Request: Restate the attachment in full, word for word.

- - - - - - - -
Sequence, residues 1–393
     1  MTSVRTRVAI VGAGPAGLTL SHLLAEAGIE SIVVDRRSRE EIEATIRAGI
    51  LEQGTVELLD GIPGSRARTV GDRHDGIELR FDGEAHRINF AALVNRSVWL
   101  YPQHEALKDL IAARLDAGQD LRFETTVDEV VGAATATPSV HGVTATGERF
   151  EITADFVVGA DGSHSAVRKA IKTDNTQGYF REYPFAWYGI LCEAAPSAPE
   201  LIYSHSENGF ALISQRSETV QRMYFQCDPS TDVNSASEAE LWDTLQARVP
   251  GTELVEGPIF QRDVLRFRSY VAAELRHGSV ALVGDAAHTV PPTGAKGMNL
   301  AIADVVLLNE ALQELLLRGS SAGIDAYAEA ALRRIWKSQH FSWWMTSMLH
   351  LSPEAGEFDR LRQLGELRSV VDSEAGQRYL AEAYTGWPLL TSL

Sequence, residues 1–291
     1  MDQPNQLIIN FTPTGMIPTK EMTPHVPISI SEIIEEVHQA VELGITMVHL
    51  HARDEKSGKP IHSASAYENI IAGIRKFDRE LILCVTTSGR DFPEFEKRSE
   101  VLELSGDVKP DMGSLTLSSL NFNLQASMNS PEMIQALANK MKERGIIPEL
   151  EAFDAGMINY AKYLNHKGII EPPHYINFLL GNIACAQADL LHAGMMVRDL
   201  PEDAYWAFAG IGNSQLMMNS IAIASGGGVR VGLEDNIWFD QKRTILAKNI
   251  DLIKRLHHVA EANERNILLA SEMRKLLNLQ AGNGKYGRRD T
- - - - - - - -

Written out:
Sequence, residues 1–393
     1  MTSVRTRVAI VGAGPAGLTL SHLLAEAGIE SIVVDRRSRE EIEATIRAGI
    51  LEQGTVELLD GIPGSRARTV GDRHDGIELR FDGEAHRINF AALVNRSVWL
   101  YPQHEALKDL IAARLDAGQD LRFETTVDEV VGAATATPSV HGVTATGERF
   151  EITADFVVGA DGSHSAVRKA IKTDNTQGYF REYPFAWYGI LCEAAPSAPE
   201  LIYSHSENGF ALISQRSETV QRMYFQCDPS TDVNSASEAE LWDTLQARVP
   251  GTELVEGPIF QRDVLRFRSY VAAELRHGSV ALVGDAAHTV PPTGAKGMNL
   301  AIADVVLLNE ALQELLLRGS SAGIDAYAEA ALRRIWKSQH FSWWMTSMLH
   351  LSPEAGEFDR LRQLGELRSV VDSEAGQRYL AEAYTGWPLL TSL

Sequence, residues 1–291
     1  MDQPNQLIIN FTPTGMIPTK EMTPHVPISI SEIIEEVHQA VELGITMVHL
    51  HARDEKSGKP IHSASAYENI IAGIRKFDRE LILCVTTSGR DFPEFEKRSE
   101  VLELSGDVKP DMGSLTLSSL NFNLQASMNS PEMIQALANK MKERGIIPEL
   151  EAFDAGMINY AKYLNHKGII EPPHYINFLL GNIACAQADL LHAGMMVRDL
   201  PEDAYWAFAG IGNSQLMMNS IAIASGGGVR VGLEDNIWFD QKRTILAKNI
   251  DLIKRLHHVA EANERNILLA SEMRKLLNLQ AGNGKYGRRD T